Editorial, 2/14: New feeding operation rules are welcome

Editorial, 2/14: New feeding operation rules are welcome

Progress chickens

Lancaster County Commissioners were trapped two years ago when, in the face of widespread public opposition, they approved a proposed chicken farming operation that would produce 190,000 chickens at a time for a Costco processing plant.

The few regulations on the books at the time made it impossible for them to block the construction of the operation in the southwest part of the county, despite concerns over the farm’s impact on roads and traffic, public health, water quality and quantity and nearby property.

Last week, the commissioners approved the county’s first sweeping regulations for livestock and poultry operations, rules that would make it far more difficult -- some say almost impossible -- to build a new animal feeding operation in the county because of stringent setbacks.

Specifically, the new rules extended the required setback for large-scale enclosed operations, like the proposed chicken farm, from a half-mile away from a residence to three-quarters of a mile. Setbacks for medium-sized enclosed operations were set at a half-mile and feedlots one mile.

Additionally, the rules, which are now in effect, established 1 1/2 mile setbacks for large operations -- open or enclosed -- and one mile for medium-sized operations from schools, churches and similar properties, addressing concerns raised by a second proposed chicken operation in the northwest part of the county.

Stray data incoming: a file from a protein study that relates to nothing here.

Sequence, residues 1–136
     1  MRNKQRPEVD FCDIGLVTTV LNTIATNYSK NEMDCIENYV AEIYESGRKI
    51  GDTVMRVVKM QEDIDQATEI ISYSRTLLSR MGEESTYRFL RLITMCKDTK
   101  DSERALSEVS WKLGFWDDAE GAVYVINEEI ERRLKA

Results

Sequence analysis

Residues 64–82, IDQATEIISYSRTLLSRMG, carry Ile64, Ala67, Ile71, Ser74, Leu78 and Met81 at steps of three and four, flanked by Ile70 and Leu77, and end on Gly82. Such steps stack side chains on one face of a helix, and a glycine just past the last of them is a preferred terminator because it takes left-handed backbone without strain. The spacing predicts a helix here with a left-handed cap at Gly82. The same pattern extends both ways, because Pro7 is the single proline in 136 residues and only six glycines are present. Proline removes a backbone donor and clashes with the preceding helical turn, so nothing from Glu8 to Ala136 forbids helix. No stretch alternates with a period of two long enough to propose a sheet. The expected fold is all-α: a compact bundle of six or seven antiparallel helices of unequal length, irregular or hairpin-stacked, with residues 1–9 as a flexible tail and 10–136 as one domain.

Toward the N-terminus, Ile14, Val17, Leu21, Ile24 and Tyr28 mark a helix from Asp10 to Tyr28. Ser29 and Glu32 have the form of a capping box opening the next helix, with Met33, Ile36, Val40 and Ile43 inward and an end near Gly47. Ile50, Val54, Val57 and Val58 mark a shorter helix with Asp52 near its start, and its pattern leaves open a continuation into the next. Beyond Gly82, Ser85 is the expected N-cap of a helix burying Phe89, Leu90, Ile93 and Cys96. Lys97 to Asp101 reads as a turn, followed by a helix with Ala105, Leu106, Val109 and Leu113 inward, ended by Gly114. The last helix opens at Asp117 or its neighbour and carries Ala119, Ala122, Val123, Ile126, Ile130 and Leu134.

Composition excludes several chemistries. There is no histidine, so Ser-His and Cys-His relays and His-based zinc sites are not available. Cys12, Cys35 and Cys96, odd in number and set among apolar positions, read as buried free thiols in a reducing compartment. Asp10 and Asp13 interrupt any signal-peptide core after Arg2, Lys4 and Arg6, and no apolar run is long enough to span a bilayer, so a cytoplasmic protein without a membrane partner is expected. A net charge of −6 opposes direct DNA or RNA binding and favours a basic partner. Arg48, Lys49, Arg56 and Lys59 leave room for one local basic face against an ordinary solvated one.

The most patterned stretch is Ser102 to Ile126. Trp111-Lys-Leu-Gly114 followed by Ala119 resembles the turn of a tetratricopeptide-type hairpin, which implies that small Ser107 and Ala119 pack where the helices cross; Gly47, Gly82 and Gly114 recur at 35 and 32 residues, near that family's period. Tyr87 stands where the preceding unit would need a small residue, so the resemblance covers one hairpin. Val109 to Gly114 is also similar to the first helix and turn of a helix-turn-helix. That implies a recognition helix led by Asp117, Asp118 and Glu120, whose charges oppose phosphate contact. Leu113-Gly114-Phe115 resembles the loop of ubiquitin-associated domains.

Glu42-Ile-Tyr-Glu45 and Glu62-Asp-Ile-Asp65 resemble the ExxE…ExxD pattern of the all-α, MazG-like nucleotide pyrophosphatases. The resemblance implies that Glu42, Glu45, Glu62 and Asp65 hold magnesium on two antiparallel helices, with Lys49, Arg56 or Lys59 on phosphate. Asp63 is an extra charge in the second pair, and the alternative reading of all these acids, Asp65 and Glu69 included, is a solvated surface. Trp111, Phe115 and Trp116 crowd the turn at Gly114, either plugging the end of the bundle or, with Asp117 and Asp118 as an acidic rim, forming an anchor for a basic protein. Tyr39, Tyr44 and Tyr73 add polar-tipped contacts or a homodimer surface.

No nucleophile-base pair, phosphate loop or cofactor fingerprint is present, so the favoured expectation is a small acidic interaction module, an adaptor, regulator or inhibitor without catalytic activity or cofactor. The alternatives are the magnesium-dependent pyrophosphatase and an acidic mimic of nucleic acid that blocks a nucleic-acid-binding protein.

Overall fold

Given the housing patterns in rural Lancaster County and the growth of residences outside the city limits of Lincoln, Waverly and other towns, it will be difficult to locate a large operation that would meet the setback requirements anywhere in the county.

The County Board also, wisely, included a requirement that a water well permit from the Lower Platte South Natural Resources District be included in any application, a change in policy that directly addresses water scarcity concerns. Put simply, if sufficient water isn’t available in an area, the permit would be denied, stopping the application process before it begins.

Those rules, recommended by a task force formed after the County Board narrowly approved the operation in 2018, won’t have an impact on the two chicken farming operations that have been proposed for the county -- the one approved and the other denied by the board. The fate of those farms is now in the hands of the courts.

Going forward, however, any large farming operations will have to meet the requirements, which serve the best interests of the entire county, preserving the quality of life rather than favoring untrammeled development.


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